enfant = child enfants = children SIMPLE


Is the answer "We have got children"?? Why do we need 'got' here?


We don't. But British English favors using "got". So if you see that, just smile and give a nod and go on.


Oook, am I the only one that see enfants and think, yeah ,it must be ELEPHANTS?


What is the difference between des and les on this sentence?


"des" = some children

"les" = the children


Is enfant fine for both boy and child? I'm getting confused as the answers are not consistent.


"Un enfant" = a child. Un garçon = a boy. Une fille = a girl.


Why here do we use avons as have? Wheras before if a lady had a dress it'd just be elle a une robes?


All French verbs are conjugated, with different endings according to the person:

j'ai, tu as, il/elle/on a, nous avons, vous avez (polite singular and plural), ils/elles ont.


I translated it as "We have the children" and was told it was wrong...it should be "We have some children"....where does "some" come from?


"nous avons des enfants" is the plural of "nous avons un enfant", just as "we have children" is the plural of "we have a/one child".


your "nous avons" sounds almost exactly the same as "vous avez"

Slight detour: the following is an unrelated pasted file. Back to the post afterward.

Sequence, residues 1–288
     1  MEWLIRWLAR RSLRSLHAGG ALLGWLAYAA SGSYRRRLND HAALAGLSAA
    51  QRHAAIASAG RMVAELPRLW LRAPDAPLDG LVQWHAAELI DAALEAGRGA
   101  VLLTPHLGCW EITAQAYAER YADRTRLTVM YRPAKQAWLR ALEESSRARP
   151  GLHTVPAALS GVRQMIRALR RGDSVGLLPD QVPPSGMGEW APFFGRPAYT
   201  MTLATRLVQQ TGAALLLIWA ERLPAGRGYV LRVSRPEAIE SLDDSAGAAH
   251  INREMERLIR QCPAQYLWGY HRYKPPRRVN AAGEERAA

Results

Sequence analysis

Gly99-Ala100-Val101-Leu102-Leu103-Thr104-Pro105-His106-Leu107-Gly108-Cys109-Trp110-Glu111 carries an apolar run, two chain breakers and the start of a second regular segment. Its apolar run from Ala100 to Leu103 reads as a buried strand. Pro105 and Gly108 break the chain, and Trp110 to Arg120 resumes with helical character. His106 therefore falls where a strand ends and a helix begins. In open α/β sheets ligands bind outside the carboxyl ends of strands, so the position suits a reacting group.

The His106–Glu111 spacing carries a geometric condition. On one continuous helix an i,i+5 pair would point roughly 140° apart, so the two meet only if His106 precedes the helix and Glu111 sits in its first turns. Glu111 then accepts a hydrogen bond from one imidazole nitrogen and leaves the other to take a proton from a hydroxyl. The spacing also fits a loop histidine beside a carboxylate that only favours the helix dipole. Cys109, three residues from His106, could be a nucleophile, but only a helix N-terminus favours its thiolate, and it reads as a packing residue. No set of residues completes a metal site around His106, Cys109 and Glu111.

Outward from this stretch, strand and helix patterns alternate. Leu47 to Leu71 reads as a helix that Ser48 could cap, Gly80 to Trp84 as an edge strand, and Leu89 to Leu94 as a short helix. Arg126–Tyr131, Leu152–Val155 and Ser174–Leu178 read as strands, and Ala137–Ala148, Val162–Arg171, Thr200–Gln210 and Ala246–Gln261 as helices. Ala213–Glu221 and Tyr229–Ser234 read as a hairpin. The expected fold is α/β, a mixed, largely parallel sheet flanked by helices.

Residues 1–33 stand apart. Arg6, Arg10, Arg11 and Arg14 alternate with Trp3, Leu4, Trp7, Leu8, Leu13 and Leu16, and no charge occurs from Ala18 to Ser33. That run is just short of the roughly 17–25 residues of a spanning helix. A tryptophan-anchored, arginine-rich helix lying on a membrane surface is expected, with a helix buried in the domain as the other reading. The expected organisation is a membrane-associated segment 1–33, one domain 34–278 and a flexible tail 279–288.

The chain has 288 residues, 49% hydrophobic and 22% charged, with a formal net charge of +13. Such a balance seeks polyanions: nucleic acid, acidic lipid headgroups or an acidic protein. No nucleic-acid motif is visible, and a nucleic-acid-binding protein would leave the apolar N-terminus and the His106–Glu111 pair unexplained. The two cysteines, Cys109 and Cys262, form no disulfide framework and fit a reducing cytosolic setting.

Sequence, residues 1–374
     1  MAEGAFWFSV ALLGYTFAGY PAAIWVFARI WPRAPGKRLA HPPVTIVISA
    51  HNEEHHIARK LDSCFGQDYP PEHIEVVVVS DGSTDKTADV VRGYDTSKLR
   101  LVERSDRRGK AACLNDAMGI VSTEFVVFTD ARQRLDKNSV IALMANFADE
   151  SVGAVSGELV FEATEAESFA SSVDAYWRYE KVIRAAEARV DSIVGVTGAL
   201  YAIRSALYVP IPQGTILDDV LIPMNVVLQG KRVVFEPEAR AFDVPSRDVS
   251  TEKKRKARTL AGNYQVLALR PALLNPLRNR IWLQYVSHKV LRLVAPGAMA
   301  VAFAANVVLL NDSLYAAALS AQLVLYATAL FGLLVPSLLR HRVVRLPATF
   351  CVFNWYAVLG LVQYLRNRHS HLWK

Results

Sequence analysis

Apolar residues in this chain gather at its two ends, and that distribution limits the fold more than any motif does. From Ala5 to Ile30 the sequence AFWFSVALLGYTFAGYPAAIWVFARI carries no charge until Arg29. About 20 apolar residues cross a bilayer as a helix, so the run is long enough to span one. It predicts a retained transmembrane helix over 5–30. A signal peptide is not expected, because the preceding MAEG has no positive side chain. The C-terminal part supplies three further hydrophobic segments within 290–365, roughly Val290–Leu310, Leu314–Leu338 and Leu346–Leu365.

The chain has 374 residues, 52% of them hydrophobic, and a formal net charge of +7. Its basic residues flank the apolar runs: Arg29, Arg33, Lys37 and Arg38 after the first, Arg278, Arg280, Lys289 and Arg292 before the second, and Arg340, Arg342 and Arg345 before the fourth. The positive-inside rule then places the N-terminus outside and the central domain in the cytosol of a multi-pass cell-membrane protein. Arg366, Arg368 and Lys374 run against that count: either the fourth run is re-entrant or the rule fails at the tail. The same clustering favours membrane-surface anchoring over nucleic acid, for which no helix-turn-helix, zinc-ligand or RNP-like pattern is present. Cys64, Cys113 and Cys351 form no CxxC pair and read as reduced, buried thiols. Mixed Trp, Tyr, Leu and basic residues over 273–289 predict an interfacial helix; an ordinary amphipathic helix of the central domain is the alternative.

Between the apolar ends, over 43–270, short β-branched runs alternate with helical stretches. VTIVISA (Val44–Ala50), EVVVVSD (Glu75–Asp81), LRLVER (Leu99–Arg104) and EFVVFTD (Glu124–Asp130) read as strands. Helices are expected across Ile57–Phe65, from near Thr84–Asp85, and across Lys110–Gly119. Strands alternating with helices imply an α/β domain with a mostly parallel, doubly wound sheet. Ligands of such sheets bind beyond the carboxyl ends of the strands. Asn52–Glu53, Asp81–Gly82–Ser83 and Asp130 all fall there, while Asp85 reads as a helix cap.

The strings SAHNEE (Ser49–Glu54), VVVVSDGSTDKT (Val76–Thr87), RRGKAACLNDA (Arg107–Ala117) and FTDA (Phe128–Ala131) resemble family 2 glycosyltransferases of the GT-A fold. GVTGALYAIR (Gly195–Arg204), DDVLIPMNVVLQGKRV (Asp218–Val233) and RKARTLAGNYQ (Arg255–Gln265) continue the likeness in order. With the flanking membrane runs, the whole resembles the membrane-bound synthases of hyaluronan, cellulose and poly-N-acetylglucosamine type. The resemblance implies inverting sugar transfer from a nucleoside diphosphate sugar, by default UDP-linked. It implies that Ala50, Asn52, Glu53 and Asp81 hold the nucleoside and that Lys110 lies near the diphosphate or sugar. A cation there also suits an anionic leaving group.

What is the difference between avons and ont? When to use avons and when we should use ont?


Children = kids


Children = enfants

Kids = gamins/gamines


What is the difference between saying "nous avons enfants" and "nous avons des enfants"


Only the latter is proper French. French nouns need their determiners, especially articles.

"Nous avons des enfants" is what you need because it is the plural of "un enfant". If the English language does not have a plural indefinite article, French has "des" and it is required with the meaning of "more than one".


Why did she pronounce the 'avons' as 'avi'? Is there an error here?


Feedback @ Duolingo: Particularly the speech of the duolingo-girl is difficult to understand. Example: "Nous avons des enfants." She seems to have problems with the bonding of some words like "Nous_avons ..." Maybe this information will help you to optimise this excellent tool.